5 Tips to Calculate Your Financial Worth

Source: Thinkstock

While your personal worth should certainly be based on more than just your salary, your financial worth is greatly reflected by your salary. Your salary indicates how much your employer values you, and sometimes shows how much you value yourself. If you are too afraid to ask for a raise even though you know that you should be paid more, then you may never get a raise. If you don’t know how your skills stack up to other people’s, or you haven’t done the research to determine what your job should actually pay, then you also might not be getting as much as you should be.

Determining how much you should be paid is a valuable tool for negotiating a raise, and it will also help you if you are interviewing and need to prepare for a salary discussion. Your exact worth will be hard to determine, but you can get a good idea based on the following five tips.

1. Know how much similar jobs pay

One way to research how much you might be worth is to do a basic salary search. Use a site like Salary.com to compare salaries for your job title in your area. The site will show you the bottom 10 percent all the way to the top 90 percent for your job title. Knowing what similar jobs pay in your area can be a powerful negotiation tool. Although you have to make allowances for company size and company profitability, you can at least determine the range for your job category. If you are making near the bottom of the range, and you have been at your company for a while, than you probably should be making more than you are.

Source: Thinkstock

2. Factor in your experience

If you’ve been doing the same job for five years, in theory, you should be paid more than someone who starts off right away at the same company. Of course, we know that this doesn’t always happen. If you have been doing your job for a long time, you should be progressively making more and more money. Even if you have switched companies over the years, you still have accrued the experience, and that should help you make more money.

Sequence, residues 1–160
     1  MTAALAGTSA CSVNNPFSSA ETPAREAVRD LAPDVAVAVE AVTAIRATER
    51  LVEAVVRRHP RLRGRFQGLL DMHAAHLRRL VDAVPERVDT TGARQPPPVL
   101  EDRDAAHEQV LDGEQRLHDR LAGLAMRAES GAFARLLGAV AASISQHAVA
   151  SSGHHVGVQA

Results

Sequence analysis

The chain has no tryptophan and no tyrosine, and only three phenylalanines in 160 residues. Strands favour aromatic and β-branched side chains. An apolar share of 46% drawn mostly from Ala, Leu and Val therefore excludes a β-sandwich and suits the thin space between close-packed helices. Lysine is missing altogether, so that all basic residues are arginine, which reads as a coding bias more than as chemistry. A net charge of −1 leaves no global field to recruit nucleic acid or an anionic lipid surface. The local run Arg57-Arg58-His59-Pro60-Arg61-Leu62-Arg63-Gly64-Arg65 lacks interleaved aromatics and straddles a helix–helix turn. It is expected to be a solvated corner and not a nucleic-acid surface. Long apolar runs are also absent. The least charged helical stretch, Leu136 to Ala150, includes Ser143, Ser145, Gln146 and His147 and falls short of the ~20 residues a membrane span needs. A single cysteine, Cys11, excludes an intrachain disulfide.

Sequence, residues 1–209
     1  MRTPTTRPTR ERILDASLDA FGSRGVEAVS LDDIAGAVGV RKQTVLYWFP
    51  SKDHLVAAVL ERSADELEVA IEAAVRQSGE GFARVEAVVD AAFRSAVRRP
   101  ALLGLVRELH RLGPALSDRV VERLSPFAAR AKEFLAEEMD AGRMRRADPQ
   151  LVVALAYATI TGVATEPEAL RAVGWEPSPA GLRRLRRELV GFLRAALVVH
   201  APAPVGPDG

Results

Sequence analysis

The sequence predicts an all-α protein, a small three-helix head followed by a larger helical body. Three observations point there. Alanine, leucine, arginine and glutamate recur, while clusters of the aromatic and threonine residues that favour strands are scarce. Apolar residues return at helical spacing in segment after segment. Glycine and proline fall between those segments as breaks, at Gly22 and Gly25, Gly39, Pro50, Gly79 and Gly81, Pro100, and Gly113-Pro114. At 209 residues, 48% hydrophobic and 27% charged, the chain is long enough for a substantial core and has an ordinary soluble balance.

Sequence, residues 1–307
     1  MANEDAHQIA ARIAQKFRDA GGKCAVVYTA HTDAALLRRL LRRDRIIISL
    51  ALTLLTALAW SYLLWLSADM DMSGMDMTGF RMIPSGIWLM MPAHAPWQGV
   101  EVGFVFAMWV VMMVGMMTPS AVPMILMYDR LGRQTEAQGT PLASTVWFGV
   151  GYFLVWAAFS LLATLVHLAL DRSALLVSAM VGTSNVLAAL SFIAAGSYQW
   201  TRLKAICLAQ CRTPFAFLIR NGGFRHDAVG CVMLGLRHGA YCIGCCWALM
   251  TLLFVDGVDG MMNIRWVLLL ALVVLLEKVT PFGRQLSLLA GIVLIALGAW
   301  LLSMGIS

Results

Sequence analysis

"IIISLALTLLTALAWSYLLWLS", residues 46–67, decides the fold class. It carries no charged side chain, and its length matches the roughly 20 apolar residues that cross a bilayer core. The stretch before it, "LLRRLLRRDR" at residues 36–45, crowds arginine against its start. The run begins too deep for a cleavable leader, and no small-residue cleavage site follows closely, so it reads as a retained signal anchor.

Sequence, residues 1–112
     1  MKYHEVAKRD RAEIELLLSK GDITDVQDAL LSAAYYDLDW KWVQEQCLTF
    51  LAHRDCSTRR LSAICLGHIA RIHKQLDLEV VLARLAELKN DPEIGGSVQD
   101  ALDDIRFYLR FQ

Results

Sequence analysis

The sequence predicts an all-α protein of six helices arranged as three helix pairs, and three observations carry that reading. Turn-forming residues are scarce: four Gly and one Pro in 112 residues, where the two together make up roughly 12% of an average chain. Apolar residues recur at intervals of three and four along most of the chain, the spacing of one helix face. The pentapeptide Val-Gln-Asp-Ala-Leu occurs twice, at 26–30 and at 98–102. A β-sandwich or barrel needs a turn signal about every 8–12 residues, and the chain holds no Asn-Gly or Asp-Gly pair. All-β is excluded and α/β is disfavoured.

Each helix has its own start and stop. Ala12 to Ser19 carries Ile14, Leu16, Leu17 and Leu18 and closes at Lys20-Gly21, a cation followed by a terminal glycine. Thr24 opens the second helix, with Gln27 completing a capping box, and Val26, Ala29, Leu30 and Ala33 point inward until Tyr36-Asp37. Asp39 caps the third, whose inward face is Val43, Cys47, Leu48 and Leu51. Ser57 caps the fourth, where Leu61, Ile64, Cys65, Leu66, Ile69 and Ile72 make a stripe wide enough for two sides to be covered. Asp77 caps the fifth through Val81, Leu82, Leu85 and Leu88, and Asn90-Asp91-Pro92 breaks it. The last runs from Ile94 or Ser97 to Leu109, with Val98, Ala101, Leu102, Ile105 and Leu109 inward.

If your company has a salary cap, you might need to talk to your boss about a different job title. If you can’t get a raise but you know for sure that your experience, coupled with salaries for comparable jobs in your community, indicate that you should be making more, you might need to apply for jobs at a different company.

Source: Thinkstock

3. Know how valuable your skills are

In addition to your experience in your particular job field, your individual skills also determine just how much you should be paid, or how likely you are to get a promotion or a raise. There may be twenty insurance writers at your company, and five of them may have worked at your same company for at least five years. However, if you have taken the time to update your skills whenever possible, you will have more success marketing yourself. While staying at one company for a long time (or even switching companies but coming in with a lot of experience in the field) is definitely a positive and important aspect of your worth, your individual skills within your field are also very important. Depending on the type of job you have (or want) you can take specific classes to update your skills.

Source: Thinkstock

4. Make yourself indispensable to your company

One of the best ways to ensure your worth, and possibly to increase it, is to make yourself indispensable to your company. You can do this in many different ways. Have a positive attitude at work, and help other people regularly. If possible, find ways to save your company money, and become a leader in your department.

Also, if you work with clients, establish friendly and respectful relationships with important clients; if you become a go-to person for an important client, your company will want to keep you around. Your worth will most likely increase if you make yourself indispensable, because your boss won’t want to lose you or replace you.

Source: Thinkstock

5. Consider your education level

Education plays a huge part in how much money you make. According to the Pew Research Center, bachelor’s and master’s degrees are continuing to pay off for millennials. In 2009 (the year with the latest available numbers) young adults with only a bachelor’s degree had median monthly earnings of $3,836, and those with a master’s degree made $4,772 per month. Although of course many working professionals are not part of the millennials, but studies have continued to show throughout time that education makes a difference. Many jobs also require a specific education, so if you have worked at your company for ten years but you don’t have a bachelor’s degree, you may need to get one to advance to a different job title and to a higher salary.

Although all five of these items are important considerations when determining how much you are worth, part of that determination has to be based on you. If you truly believe you are worth more than you are making, and your company doesn’t agree or can’t compensate you properly, than you might need to move on.